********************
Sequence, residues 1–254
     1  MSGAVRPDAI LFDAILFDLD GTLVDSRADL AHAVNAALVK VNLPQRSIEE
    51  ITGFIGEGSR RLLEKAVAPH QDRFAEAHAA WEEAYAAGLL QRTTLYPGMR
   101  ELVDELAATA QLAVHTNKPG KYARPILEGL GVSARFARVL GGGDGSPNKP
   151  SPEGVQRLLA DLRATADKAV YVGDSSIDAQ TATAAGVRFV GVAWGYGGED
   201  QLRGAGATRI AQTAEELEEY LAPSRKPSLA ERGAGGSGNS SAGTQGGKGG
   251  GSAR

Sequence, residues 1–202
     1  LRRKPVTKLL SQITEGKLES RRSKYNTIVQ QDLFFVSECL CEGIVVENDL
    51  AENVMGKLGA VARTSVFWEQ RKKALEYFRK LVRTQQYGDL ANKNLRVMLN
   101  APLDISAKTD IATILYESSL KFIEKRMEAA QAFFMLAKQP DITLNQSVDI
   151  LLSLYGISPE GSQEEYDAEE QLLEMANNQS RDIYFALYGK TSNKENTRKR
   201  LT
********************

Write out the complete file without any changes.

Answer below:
Sequence, residues 1–254
     1  MSGAVRPDAI LFDAILFDLD GTLVDSRADL AHAVNAALVK VNLPQRSIEE
    51  ITGFIGEGSR RLLEKAVAPH QDRFAEAHAA WEEAYAAGLL QRTTLYPGMR
   101  ELVDELAATA QLAVHTNKPG KYARPILEGL GVSARFARVL GGGDGSPNKP
   151  SPEGVQRLLA DLRATADKAV YVGDSSIDAQ TATAAGVRFV GVAWGYGGED
   201  QLRGAGATRI AQTAEELEEY LAPSRKPSLA ERGAGGSGNS SAGTQGGKGG
   251  GSAR

Sequence, residues 1–202
     1  LRRKPVTKLL SQITEGKLES RRSKYNTIVQ QDLFFVSECL CEGIVVENDL
    51  AENVMGKLGA VARTSVFWEQ RKKALEYFRK LVRTQQYGDL ANKNLRVMLN
   101  APLDISAKTD IATILYESSL KFIEKRMEAA QAFFMLAKQP DITLNQSVDI
   151  LLSLYGISPE GSQEEYDAEE QLLEMANNQS RDIYFALYGK TSNKENTRKR
   201  LT